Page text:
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Tube Hi-Fi Amps - worthwhile?


 
11/11/1997 1:58 PM
Mike D.
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Tube Hi-Fi Amps - worthwhile?
Has anyone tried a tube hi-fi amp with run of the mill 2 and 3 way bookshelf speakers like Polk Audio, Cervin Vega, Sansui, etc. Would I notice much of a difference with such pedestrian speakers? I'm presently running a common Kenwood 60 watt/ch receiver. Like many guitar players, I have a very "modest" stereo system (all our money goes to guitars, amps, effects, mixers, microphones, PA, etc). I'd like to dabble with tube hi-fi, maybe pick up an old Dynaco ST70 for 3 or 4 hundred bucks, but I'm not about to shell out $6000 for a pair of Quad ESL63 speakers or anything like that. Most of the hi-fi guys are biased toward classical music and I prefer music with electric guitars, bass and drums. The hi-fi guys also like to spend outrageous amounts of money and I'm looking for a reasonable price/performance ratio.  
What do you think?  
"Go for it, it sounds great, even with your crappy speakers", or,  
"don't waste your time, buy more guitars instead"  
 
Thanks,  
Mike
 
11/11/1997 2:27 PM
R.G.
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The updated Dyna into bookshelf speakers is very worthwhile. Do it. Don't let the cork-sniffing hifi tweekers scare you off.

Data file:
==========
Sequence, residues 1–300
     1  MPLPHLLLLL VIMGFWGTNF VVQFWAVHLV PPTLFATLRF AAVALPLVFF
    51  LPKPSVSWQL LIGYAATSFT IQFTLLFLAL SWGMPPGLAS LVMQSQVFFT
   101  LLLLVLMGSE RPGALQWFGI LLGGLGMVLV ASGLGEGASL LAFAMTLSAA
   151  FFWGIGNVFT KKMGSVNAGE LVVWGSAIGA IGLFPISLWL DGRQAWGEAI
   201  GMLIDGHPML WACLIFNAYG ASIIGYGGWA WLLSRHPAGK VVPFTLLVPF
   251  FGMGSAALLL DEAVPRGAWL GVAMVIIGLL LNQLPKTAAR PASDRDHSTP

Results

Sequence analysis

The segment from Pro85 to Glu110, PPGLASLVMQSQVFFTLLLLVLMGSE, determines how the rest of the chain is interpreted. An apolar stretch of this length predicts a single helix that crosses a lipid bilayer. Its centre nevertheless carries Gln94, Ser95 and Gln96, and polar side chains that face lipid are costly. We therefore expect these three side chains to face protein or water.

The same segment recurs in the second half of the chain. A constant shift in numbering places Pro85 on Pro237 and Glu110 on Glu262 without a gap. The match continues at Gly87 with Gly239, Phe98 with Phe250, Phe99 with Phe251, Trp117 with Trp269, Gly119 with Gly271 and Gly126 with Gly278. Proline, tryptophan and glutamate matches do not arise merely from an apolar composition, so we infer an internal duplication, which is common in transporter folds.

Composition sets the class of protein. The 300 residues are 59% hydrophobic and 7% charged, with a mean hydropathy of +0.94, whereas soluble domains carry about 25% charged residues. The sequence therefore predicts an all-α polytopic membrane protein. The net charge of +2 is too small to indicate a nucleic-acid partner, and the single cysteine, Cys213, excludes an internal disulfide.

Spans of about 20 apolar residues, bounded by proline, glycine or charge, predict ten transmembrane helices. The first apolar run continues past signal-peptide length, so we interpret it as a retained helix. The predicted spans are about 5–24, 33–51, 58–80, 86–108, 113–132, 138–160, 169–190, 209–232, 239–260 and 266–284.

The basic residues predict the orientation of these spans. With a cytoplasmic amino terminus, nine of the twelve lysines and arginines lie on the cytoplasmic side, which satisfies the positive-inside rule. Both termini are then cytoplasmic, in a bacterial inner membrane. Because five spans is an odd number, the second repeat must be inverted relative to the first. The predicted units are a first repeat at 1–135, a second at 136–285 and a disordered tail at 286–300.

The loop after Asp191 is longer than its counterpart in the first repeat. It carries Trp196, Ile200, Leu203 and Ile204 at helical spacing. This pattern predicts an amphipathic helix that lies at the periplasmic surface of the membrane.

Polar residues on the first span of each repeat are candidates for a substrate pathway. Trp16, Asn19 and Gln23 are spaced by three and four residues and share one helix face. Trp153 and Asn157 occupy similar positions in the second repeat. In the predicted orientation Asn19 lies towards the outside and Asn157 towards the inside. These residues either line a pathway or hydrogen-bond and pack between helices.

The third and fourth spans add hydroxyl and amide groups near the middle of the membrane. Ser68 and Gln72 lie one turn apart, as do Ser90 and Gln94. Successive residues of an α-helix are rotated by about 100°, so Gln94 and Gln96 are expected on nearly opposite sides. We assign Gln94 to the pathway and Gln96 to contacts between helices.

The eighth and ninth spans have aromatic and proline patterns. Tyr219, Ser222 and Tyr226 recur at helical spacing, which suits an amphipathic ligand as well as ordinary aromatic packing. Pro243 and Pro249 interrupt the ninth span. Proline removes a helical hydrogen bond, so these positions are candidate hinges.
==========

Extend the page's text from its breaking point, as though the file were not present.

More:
As a shell-shocked veteran of the hifi wars...  
 
My personal preference for hifi is fairly complex. I actually have two stereo setups. One is a pure solid state integrated receiver (!) used for "pedestrian" kinds of things like amplifying the TV when we're watching. The other is a little more involved, for more critical listening (like trying to figure out HOW BB does those bends!). I picked up a pair of Dyna Mark IV's along the way, this being a mono version of the Dyna ST70, and a Dyna SCA35. I run a triamped system, electronic crossovers feeding the 35 into the tweeters and the Mark IV's into the midranges, said midranges and tweeters in D'Appolito configuration, with the bass outputs mixed to a single channel and fed through a 100W solid state driving a pair of Swan 12" woofers for the range from 30 to 200Hz.  
 
This uses the tubes to best advantage, and gives a little more perceived power - which I never use, because the volume I like keeps decreasing. As you may recognize, this setup contains several heresies from the hifi camp. I don't care - I think the sound is good, and I've fooled a couple of tweeko friends with it.
 
 
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11/11/1997 3:11 PM
Steve M.
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I have to side with RG on this one, tube stereos are great! I have a PAS-2/Dyna ST-70 that I love. I run it through pretty pedestrian speakers: Advent Prodigy Towers, and the sound us very good. It's not detailed like a $10K "audiophile" system, but then again, it didn't cost me anywhere near $10K :)  
 
In my workshop I have an Eico HF-85 preamp and HF-86 power amp hooked up to a pair of Infinity bookshelf speakers, it also sounds pretty good, much better than the cheapo Sony reciever that I got for my first stereo.  
 
The only thing that is lacking is that the bass is a little shy on both my systems, but I don't listen to much techno or rap music, so it isn't really an issue.